13 base (-) but, in the subsequent fiscal years they will suffer an increase in tax base (+) due to the lack of the depreciation charges. Our analysis takes into account the fact that, from the taxpayer point of view, to postpone or anticipate tax payments cause a change in discounted tax burden. The results in Table 2 suggest several interesting remarks. First, all topics (except trade receivables) are influenced by the differences in the recognition and measurement criteria proper to the two sets of accounting standards (see details in Appendix). Indeed, the computation of the Irap base is expected to diverge between IFRS subjects and companies under Italian Gaap, with a consequent potential violation of the principle of the equal treatment among taxpayers. Second, the results of our qualitative analysis do not give a clear evidence that the adoption of IFRS will entail an increase or a decrease in Irap base. This is due to the fact that the frequency of positive and negative impacts is substantially the same (6 negative signs against 7 positive ones). Evidently, the overall tax effect depends on the weight of each items on the computation of Irap base and on the significance of the differences between the recognition and measurement criteria underlying the two sets of accounting standards adopted. As an example, under IFRS the stock option pays are qualified as a component of labour cost on the date they are granted to employees, while Italian Gaap do not consider this item until a liability rises; the differences in accounting treatment causes a relevant increase of Irap base for IFRS subjects, but, given the small diffusion of this instrument in the Italian context, a marginal impact is expected. Third, some effects revealed by Table 2 may, in practice, not occur if IFRS subjects choose, between alternative valuation methods, the option closer to Italian Gaap requirements. For example, concerning the measurement of tangible and intangible fixed assets, IFRS allow the revaluation model as an alternative to the cost model, being the latter the only one permitted by Italian Gaap. Hence, the difference would be nil if IFRS subjects used the cost model. In a similar way, it is reasonable to assume that the valuation of construction contracts does not cause a relevant divergence on Irap tax base, since Italian accounting practice usually adopts, between the completed contract method and the percentage of completion method, the latter one, the same as that prescribed by IFRS. 11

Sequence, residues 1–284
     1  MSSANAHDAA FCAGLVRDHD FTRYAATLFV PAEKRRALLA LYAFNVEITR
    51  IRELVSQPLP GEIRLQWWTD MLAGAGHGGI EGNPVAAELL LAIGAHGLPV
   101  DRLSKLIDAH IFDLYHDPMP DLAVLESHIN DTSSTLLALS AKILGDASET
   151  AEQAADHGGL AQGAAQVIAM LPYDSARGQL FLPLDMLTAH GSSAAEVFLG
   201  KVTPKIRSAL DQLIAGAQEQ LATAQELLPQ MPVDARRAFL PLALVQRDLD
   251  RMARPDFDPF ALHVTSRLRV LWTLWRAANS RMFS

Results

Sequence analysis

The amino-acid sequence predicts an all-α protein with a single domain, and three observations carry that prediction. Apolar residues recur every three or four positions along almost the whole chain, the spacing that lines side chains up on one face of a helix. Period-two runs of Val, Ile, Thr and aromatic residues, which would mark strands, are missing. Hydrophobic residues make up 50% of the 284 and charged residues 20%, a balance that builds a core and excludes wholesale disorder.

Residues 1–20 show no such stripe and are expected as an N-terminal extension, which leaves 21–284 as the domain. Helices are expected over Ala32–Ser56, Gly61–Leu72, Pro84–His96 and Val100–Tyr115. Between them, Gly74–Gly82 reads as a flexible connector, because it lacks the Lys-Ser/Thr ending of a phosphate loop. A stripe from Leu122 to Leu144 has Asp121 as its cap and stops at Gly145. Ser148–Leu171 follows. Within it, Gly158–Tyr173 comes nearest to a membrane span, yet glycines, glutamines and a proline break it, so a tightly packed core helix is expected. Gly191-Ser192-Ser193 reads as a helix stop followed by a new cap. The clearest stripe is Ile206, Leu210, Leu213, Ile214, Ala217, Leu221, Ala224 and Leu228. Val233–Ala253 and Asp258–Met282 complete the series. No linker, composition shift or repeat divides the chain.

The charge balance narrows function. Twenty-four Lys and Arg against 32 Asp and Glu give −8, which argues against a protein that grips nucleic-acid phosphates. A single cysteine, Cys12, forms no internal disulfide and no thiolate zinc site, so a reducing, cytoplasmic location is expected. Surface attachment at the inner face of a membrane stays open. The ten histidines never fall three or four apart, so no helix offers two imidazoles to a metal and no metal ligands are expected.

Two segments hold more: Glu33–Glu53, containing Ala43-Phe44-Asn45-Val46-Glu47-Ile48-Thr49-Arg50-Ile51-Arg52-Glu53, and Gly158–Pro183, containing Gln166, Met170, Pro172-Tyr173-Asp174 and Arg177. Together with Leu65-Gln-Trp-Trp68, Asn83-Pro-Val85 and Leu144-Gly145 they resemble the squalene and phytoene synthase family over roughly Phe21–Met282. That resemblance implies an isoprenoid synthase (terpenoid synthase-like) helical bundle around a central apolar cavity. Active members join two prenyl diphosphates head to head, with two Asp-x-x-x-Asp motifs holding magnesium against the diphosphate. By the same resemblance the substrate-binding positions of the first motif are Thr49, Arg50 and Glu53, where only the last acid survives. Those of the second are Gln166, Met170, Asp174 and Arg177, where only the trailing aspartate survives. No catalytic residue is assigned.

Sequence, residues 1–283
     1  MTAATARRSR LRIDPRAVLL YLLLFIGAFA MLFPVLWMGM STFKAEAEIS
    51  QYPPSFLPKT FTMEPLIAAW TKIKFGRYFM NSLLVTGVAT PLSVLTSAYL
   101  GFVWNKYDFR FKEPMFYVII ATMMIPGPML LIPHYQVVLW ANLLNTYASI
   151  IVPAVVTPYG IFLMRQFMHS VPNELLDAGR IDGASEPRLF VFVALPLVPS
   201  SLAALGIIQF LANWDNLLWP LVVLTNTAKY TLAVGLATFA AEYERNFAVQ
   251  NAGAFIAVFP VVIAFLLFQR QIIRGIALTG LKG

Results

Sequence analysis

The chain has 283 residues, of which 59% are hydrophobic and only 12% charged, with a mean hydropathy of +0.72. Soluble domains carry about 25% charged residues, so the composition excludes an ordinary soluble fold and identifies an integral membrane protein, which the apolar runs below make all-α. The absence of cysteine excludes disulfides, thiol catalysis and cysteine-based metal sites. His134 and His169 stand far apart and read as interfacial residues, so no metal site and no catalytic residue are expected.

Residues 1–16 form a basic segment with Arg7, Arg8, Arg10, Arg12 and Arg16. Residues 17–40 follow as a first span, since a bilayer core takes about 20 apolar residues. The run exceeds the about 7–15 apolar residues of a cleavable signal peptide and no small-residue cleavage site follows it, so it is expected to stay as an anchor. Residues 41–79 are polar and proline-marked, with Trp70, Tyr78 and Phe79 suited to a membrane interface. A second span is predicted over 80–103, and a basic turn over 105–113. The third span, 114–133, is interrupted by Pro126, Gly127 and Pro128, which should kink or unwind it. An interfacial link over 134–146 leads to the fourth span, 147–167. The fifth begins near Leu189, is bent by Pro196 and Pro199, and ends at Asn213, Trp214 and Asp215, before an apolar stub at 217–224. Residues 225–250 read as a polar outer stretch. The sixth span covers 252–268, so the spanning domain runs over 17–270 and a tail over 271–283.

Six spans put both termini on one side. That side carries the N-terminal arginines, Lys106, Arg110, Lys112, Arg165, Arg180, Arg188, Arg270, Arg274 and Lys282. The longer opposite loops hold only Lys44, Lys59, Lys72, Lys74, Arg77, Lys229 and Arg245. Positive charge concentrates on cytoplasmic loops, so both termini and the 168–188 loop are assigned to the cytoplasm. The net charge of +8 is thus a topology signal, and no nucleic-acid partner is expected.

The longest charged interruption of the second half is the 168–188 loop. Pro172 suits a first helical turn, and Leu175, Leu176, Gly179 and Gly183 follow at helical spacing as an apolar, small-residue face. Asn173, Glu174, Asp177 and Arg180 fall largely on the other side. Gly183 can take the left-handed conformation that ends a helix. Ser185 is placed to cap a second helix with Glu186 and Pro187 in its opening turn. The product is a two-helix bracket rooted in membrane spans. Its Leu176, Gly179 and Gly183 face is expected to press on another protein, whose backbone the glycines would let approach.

14 Finally, it is reasonable to assume that some accounting topics, such as research and advertising costs, goodwill and intangible assets with indefinite useful life, will largely contribute to the divergence in the measurement of Irap base. This is due either to the divergences in the accounting treatment under Italian Gaap and IFRS or to the relative weight of these items in the financial statements. Our investigation highlights important consequences of the IFRS being used as a basis for calculating Irap. However the effective change in Irap tax burden can be only estimated analyzing Italian companies financial statements in order to capture the structure of costs and revenues qualifying the income statements and the role played by the accounting practice in implementing IFRS. 4. Tax Impact of IFRS, Evidence from a Sample of Italian Companies Using a sample of Italian listed companies, the aim of the following section is to empirically compare the IRAP base for companies preparing their financial reporting under Italian Gaap and for those adopting IFRS. The empirical design and the structure of the sample will be described; afterwards the results of the empirical analysis will be discussed. 4.1 Empirical Design With the introduction of IFRS in 2005, Italian preparers have been shared in three broad categories: listed companies and other special types (e.g. banks and financial institutions) that are required to adopt IFRS for the annual accounts; non listed companies presenting consolidated accounts in accordance with IFRS and all subsidiaries in the IFRS groups that are permitted to adopt IFRS for their annual accounts and companies not covered in the first two categories that are required to use Italian Gaap. All companies adopting the international accounting standards were obliged to explain how the transition from Italian Gaap to IFRS affected their financial position, financial performance and cash flow through the reconciliation statement required by IFRS 1. The reconciliation statement of a sample of Italian listed companies has been analyzed in order to compute, for each company, either the theoretical Irap base using Italian Gaap or the theoretical Irap base adopting IFRS. The tax base has been determined adding non deductible items (labour costs, asset devaluation, provisions for bad credit and other 12